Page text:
Annual IT costs as high as $19,000 per doctor for some practices

In 2016, physician-owned practices spent between $2,000 and $4,000 more on IT expenses per full-time-equivalent (FTE) physician, according to Medical Group Management Association’s (MGMA) annual DataDive Cost and Revenue Survey.

Depending on specialty, total IT expenses throughout the year added up to between $14,000 and $19,000 per physicians. Expenses included purchased IT services like electronic health record maintenance and patient portals, as well as contracted expenses, like repairs to hardware and software. The increase was smaller for hospital-owned practices.

The survey, which included data from more than 2,900 organizations, also found the rise in operating expenses for practices nearly matched the growth in revenue between 2015 and 2016. Those which managed to increase revenues, MGMA said, were ones which hired more non-physician providers (NPPs) and support staff. The report stated practices with a higher NIPP to physician ratio (0.41 or more NPPs per FTE physician) earned more in revenue after operating cost than practices with a ratio of 0.20 NPPs per physician or lower.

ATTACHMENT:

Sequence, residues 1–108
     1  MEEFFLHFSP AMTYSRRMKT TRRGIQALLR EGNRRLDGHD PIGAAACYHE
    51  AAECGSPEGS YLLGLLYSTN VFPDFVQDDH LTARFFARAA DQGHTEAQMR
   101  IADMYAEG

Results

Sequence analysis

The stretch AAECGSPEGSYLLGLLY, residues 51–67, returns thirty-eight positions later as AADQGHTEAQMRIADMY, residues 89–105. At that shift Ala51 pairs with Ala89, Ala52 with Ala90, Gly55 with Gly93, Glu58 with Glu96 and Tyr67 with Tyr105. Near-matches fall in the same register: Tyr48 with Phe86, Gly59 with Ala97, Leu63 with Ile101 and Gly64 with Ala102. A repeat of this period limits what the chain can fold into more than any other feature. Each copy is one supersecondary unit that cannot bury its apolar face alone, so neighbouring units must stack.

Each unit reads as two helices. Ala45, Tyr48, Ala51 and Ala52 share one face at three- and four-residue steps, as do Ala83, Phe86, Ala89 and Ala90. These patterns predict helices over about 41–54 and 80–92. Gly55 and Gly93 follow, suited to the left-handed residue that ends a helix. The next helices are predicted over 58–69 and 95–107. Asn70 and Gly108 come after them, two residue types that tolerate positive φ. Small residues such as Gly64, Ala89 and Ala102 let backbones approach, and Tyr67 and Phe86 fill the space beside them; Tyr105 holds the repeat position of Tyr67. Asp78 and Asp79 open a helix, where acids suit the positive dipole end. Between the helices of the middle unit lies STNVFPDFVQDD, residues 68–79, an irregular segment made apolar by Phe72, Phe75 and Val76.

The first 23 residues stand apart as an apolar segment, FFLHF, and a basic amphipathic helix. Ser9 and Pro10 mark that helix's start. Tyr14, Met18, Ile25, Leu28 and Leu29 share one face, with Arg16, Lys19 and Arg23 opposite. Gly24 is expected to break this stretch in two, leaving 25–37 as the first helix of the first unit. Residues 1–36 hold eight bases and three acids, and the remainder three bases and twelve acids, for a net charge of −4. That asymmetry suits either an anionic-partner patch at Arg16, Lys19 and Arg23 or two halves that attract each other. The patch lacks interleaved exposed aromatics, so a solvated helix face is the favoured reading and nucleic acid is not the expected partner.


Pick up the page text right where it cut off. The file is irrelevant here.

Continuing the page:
“Our annual Cost Survey continues to show the importance of NPPs and support staff in physician practices and hospitals, as well as other factors that impact practices’ bottom line" MGMA President and CEO Halee Fischer-Wright, MD, said in a statement. “Contrary to what some may believe, with increased staffing come much larger gains in revenue after operating cost, as well as productivity.”

The survey’s other findings included:

  • Drug supply costs continued to rise, increased by more than 10 percent per FTE physician, with a larger 16.5 percent jump for multispecialty practices.
  • Having a lower percentage of government programs in the payer mix meant higher revenue for both physician and hospital-owned primary care groups. For physician-owned practices with a mix of 30 percent or less, they yielded $159,307 more in revenue per physician compared to practices with a mix of 50 percent or more. For hospital-owned primary care groups, the difference was $221,497.